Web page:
On May 18, 2017, the Colorado Attorney General filed an appeal with the Colorado Supreme Court seeking to overturn the recent 2-1 decision of the Colorado Court of Appeals which arguably conflicts with the long-standing interpretations embraced by the Colorado Oil and Gas Conservation Commission (“OGCC”) related to its organic statute. See Martinez v. Colo. Oil & Gas Conservation Comm’n, 16 CA 0564, 2017 COA 37. The Martinez decision, if upheld by the Supreme Court, has major implications for all fossil fuel (oil, gas, and coal) as well as hardrock mineral development in the state of Colorado.

The Attorney General’s appeal argues that, in overturning the district court decision which upheld the OGCC decision to deny a rulemaking which would have effectively revised the statutory obligations of the agency, the Court of Appeals has elevated environmental protection polices above all other factors which are required by statute to be considered by the OGCC in implementing its legal obligations.

The Attorney General summarized the issue presented in its petition for certiorari on behalf of the OGCC asking that the Martinez decision be overturned as follows:

For decades, the Colorado Oil and Gas Conservation Commission has interpreted its organic statute, the Oil and Gas Conservation Act, to strike a balance between fostering the production of oil and gas resources and pursuing other competing policy objectives. Based on that understanding, the Commission has enacted comprehensive rules that make Colorado a nationwide leader in oil and gas regulation. Courts have confirmed that the Act requires the Commission to weigh various policy considerations as factors in its decision-making. Below, however, the court of appeals rejected the Commission’s long-settled interpretation. In a published 2–1 decision, the court held that rather than balancing competing public policies, the Act prioritizes one policy at the expense of others. Under this view, the Commission is permitted to disregard the Act’s directive to foster responsible oil and gas development and enact rules that would entirely prohibit oil and gas related activity unless it can occur with zero direct or cumulative environmental impact.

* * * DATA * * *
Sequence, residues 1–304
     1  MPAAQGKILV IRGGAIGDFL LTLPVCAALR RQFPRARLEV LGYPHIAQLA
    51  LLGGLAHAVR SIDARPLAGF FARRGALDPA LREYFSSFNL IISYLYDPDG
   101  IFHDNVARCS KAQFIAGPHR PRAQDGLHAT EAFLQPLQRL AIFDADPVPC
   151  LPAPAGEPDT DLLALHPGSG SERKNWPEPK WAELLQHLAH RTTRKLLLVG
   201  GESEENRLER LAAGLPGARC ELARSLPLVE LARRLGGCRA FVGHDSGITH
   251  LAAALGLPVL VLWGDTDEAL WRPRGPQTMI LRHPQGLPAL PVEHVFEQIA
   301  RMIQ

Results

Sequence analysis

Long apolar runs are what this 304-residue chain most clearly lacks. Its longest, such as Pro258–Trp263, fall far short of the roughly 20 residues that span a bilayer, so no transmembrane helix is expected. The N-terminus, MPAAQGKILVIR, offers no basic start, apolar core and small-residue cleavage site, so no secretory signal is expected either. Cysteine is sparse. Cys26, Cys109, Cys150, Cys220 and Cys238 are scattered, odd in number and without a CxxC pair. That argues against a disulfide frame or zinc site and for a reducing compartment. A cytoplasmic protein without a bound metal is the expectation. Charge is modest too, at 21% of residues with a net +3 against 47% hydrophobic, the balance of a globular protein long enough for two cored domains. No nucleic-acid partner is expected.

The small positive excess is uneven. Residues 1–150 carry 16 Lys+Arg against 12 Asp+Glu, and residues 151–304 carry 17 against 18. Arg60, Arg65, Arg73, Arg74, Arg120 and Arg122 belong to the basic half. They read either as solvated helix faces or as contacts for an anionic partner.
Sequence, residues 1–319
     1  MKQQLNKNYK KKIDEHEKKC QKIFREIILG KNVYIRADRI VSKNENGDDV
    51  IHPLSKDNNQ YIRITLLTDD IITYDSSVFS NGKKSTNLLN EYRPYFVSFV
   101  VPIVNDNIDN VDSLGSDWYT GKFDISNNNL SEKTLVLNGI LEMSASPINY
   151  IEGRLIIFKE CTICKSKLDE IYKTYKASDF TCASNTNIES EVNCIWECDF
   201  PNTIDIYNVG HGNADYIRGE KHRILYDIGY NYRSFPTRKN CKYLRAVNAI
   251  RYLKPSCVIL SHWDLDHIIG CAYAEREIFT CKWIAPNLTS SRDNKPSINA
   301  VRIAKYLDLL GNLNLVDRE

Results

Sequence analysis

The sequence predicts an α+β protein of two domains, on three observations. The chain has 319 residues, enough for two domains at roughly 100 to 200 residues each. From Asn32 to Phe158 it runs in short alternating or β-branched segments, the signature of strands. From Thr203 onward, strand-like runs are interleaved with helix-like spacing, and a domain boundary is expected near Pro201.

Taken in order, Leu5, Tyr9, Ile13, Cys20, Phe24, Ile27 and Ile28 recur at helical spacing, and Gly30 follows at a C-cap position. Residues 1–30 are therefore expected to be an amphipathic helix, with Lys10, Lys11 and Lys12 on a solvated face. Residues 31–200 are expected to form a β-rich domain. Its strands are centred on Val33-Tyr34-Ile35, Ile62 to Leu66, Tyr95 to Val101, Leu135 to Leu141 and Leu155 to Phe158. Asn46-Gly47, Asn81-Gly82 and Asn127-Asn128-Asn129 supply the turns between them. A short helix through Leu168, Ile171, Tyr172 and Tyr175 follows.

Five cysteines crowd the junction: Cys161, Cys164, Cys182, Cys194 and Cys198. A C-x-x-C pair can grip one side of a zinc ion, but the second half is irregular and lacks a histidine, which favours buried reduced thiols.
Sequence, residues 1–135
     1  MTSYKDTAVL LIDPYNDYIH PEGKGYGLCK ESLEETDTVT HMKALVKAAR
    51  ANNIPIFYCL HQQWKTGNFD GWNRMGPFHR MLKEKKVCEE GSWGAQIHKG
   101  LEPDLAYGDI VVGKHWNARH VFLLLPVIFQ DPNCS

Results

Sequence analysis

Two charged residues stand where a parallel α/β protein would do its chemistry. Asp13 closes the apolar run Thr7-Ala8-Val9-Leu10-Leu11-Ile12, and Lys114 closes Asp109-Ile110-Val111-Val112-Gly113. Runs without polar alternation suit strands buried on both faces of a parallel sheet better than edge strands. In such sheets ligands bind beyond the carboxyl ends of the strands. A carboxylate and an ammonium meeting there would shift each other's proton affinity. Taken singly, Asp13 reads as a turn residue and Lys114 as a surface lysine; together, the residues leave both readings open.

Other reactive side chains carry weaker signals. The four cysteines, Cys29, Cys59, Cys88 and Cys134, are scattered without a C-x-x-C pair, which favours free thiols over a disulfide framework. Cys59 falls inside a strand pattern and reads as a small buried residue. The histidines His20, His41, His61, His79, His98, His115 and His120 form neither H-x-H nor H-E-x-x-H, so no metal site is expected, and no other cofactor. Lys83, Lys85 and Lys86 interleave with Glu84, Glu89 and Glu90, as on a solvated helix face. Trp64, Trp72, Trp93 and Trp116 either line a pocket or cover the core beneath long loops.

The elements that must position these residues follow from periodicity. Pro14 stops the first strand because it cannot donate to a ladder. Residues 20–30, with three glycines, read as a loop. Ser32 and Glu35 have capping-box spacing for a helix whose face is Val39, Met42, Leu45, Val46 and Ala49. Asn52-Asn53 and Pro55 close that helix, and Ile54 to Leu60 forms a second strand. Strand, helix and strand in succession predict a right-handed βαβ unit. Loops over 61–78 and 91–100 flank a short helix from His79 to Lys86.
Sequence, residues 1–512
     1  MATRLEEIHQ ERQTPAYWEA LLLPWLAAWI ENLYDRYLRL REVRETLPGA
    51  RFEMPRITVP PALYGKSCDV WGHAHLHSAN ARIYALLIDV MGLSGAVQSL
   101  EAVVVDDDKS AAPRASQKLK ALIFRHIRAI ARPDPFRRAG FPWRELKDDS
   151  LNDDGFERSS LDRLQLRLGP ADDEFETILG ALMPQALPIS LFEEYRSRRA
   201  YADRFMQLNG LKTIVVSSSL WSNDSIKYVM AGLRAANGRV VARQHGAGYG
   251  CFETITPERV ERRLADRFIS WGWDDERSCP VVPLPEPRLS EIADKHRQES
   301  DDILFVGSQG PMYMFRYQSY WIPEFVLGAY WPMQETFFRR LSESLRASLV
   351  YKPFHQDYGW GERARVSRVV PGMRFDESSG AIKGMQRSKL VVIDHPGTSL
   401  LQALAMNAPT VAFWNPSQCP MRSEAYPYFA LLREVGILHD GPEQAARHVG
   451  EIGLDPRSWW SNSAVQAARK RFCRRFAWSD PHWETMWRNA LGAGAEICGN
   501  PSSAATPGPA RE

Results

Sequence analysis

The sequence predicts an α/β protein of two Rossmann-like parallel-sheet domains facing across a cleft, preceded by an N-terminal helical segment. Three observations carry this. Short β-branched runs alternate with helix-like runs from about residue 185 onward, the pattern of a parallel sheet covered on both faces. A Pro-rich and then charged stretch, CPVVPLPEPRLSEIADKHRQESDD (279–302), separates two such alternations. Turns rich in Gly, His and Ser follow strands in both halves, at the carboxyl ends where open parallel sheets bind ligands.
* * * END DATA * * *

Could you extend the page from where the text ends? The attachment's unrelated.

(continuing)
The question presented is as follows: When the Commission engages in rulemaking, is it permitted to disregard the Act’s policy of fostering oil and gas development in Colorado?

In announcing the filing of the petition for certiorari, Attorney General Cynthia H Coffman decided to disagree with Colorado Governor John Hickenlooper who had earlier ordered her NOT to appeal the Court of Appeals decision.